Focus.

Casual discussion amongst spiritual friends.
adamposey
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Focus.

Postby adamposey » Sun Oct 11, 2009 3:50 pm

As a student of the digital world I'd like to ask you all for your advice on a matter that I feel hinders me in my intellectual and personal growth, and that is: focus. It's no secret that today's average technophile (such as myself) is bombarded by hundreds of notifications a day, the constant stress of being "available" at all times, and generally being pressured (or perhaps stressed) to accomplish tasks quickly this includes reading. Much of this behavior has become habitual to me after years and years of participation in chat rooms, web forums, etc.,

So, I'm asking your advice in curbing this behavior. I would like to be able to read a book calmly and peacefully without worrying so much about every notification I might receive, and I would like to increase my ability to focus on a single item that may be important but not as immediately rewarding to the pleasure centers of my brain (such as a sutta verse, etc.,). I want to create an environment wherein I can foster deep thought, responsible action, and intensive study of subjects that I find important.

Have any of you had to break yourself of similar habits, overcome procrastination, and generally break some very heavily engrained habits in order to foster growth? Either yes or no, I would love to hear your ideas and advice.

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Jechbi
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Re: Focus.

Postby Jechbi » Sun Oct 11, 2009 4:13 pm

You live in rural West Virginia. Take advantage of that. Go for a walk in the woods, and leave your cell phone (and your books) behind.

adamposey
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Re: Focus.

Postby adamposey » Sun Oct 11, 2009 4:24 pm

That's an excellent suggestion and I'll make every attempt to put it to good use. What about in other matters where my goal is to actually focus on the book, or what I'm studying, or to stay with a single thought and contemplate it? Any advice on that front?

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David N. Snyder
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Re: Focus.

Postby David N. Snyder » Sun Oct 11, 2009 4:44 pm

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Jechbi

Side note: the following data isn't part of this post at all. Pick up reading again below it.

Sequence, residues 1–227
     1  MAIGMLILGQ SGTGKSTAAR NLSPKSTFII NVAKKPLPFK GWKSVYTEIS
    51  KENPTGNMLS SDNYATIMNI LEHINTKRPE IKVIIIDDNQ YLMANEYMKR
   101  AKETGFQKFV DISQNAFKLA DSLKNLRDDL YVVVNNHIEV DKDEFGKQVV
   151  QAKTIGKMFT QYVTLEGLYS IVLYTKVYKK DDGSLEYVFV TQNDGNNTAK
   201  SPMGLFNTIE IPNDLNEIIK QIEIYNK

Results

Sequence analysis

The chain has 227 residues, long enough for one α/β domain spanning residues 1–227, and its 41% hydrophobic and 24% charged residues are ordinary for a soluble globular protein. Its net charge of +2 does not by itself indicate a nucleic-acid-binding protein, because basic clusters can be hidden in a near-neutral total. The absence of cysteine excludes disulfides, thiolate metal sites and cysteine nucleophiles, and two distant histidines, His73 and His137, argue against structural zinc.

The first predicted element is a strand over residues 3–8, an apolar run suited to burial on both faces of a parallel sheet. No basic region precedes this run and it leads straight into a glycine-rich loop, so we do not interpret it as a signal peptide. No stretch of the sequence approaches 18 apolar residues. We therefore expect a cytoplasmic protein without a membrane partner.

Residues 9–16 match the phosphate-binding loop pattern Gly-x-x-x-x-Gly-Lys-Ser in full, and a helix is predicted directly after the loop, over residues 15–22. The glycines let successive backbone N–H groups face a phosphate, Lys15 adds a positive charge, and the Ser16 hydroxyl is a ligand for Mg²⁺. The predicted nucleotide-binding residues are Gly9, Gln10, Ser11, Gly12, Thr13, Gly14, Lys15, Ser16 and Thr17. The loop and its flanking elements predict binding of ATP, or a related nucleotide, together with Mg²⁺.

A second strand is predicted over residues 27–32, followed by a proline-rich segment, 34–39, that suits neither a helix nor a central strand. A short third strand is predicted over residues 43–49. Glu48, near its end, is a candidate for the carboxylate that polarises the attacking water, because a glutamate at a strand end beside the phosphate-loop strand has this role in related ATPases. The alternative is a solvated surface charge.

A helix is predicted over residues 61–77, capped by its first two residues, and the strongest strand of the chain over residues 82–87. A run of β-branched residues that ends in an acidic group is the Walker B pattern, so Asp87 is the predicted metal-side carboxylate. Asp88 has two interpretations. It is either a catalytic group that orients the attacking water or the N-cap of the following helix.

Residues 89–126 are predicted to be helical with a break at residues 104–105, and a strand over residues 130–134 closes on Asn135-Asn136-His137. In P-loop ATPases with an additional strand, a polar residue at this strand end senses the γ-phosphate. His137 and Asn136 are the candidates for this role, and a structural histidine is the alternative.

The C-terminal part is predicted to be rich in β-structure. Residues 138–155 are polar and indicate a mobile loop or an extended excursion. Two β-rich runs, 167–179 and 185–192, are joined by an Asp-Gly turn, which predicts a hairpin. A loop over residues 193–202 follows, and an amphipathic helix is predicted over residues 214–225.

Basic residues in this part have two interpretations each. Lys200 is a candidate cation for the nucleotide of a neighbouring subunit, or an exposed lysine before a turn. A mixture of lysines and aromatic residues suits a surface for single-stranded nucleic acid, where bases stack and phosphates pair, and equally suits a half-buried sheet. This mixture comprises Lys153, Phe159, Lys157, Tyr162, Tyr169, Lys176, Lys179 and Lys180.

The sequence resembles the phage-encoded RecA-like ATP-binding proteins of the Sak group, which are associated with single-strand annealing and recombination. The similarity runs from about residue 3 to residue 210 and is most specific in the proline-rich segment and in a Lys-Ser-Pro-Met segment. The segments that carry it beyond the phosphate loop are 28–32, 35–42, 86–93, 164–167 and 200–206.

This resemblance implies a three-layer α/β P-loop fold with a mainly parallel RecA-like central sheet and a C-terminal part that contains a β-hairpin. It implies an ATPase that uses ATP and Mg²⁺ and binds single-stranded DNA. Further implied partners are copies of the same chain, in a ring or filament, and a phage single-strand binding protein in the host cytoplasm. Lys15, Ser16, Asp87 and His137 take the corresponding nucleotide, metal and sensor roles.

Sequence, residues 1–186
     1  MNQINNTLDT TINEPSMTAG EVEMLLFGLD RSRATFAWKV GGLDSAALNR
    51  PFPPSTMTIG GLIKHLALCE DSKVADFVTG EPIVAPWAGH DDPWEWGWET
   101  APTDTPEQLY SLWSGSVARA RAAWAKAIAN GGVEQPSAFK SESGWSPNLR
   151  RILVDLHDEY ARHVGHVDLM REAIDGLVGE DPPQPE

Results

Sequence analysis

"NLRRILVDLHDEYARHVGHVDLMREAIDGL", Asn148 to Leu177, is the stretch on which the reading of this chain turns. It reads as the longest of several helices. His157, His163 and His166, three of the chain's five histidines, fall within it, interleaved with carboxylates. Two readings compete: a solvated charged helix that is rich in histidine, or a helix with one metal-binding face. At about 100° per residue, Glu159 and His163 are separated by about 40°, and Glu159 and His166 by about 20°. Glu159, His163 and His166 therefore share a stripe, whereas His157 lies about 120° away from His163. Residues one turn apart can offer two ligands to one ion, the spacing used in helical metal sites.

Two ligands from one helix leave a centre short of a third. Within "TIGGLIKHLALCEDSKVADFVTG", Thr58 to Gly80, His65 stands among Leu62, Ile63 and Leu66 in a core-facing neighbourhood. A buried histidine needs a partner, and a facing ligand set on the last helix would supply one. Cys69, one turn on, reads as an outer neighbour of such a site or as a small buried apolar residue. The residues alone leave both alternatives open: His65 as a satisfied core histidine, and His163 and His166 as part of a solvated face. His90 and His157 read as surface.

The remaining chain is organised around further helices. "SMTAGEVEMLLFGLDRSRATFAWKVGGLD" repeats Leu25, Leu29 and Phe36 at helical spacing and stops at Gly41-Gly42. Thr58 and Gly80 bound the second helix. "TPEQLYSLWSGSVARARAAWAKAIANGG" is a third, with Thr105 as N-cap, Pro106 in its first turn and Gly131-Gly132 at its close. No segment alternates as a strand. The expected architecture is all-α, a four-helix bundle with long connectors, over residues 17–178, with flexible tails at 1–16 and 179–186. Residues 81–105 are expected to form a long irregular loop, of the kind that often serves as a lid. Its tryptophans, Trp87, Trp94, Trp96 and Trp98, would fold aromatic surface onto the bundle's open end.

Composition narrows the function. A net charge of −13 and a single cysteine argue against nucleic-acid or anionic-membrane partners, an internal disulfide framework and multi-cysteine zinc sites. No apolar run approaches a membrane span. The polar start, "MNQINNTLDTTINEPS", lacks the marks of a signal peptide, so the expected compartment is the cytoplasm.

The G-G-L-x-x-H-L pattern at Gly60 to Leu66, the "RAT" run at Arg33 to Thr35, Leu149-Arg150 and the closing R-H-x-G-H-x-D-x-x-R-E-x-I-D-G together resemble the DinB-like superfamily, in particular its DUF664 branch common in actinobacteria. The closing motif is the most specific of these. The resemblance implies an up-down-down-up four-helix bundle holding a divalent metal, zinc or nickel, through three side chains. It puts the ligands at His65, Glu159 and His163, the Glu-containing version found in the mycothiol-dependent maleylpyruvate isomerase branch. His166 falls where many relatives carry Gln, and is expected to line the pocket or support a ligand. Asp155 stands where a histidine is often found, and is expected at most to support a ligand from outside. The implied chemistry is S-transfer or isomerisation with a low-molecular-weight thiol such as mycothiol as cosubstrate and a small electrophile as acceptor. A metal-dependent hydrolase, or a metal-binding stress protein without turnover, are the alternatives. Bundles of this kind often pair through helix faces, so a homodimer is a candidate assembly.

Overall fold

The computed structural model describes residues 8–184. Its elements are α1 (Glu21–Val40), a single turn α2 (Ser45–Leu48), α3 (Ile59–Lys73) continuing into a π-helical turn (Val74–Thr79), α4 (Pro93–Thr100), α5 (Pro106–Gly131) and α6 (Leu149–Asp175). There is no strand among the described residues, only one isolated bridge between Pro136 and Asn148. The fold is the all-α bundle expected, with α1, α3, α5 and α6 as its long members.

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Re: Focus.

Postby Jechbi » Sun Oct 11, 2009 4:56 pm


adamposey
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Re: Focus.

Postby adamposey » Sun Oct 11, 2009 5:02 pm


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Ben
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Re: Focus.

Postby Ben » Sun Oct 11, 2009 8:48 pm

Hi Adam
Don't expect a radical transformation overnight. Its going to take consistent effort and application.
I would also recommend that you timetable certain activities for discrete periods of the day - perhaps use them as a reward at the end of the day. Breaking free from any addiction is going to be hard and unpleasent work but well worth it in the end. With regards to your other activities that you wish to focus on, whether it be reading a book, you will need to apply yourself at remaining centred on that activity. When you learn a form of samatha meditation, it will require you to keep your mind focused on a single object for longer and longer periods. In the same way, try to remain fixed on your book or other activity, calmly and quietly attentive, for as long as possible. And if you have to, turn your distracting devices off.
kind regards

Ben
“No lists of things to be done. The day providential to itself. The hour. There is no later. This is later. All things of grace and beauty such that one holds them to one's heart have a common provenance in pain. Their birth in grief and ashes.”
- Cormac McCarthy, The Road

Learn this from the waters:
in mountain clefts and chasms,
loud gush the streamlets,
but great rivers flow silently.
- Sutta Nipata 3.725

(Buddhist aid in Myanmar) • •

e: [email protected]..

adamposey
Posts: 158
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Re: Focus.

Postby adamposey » Mon Oct 12, 2009 12:16 am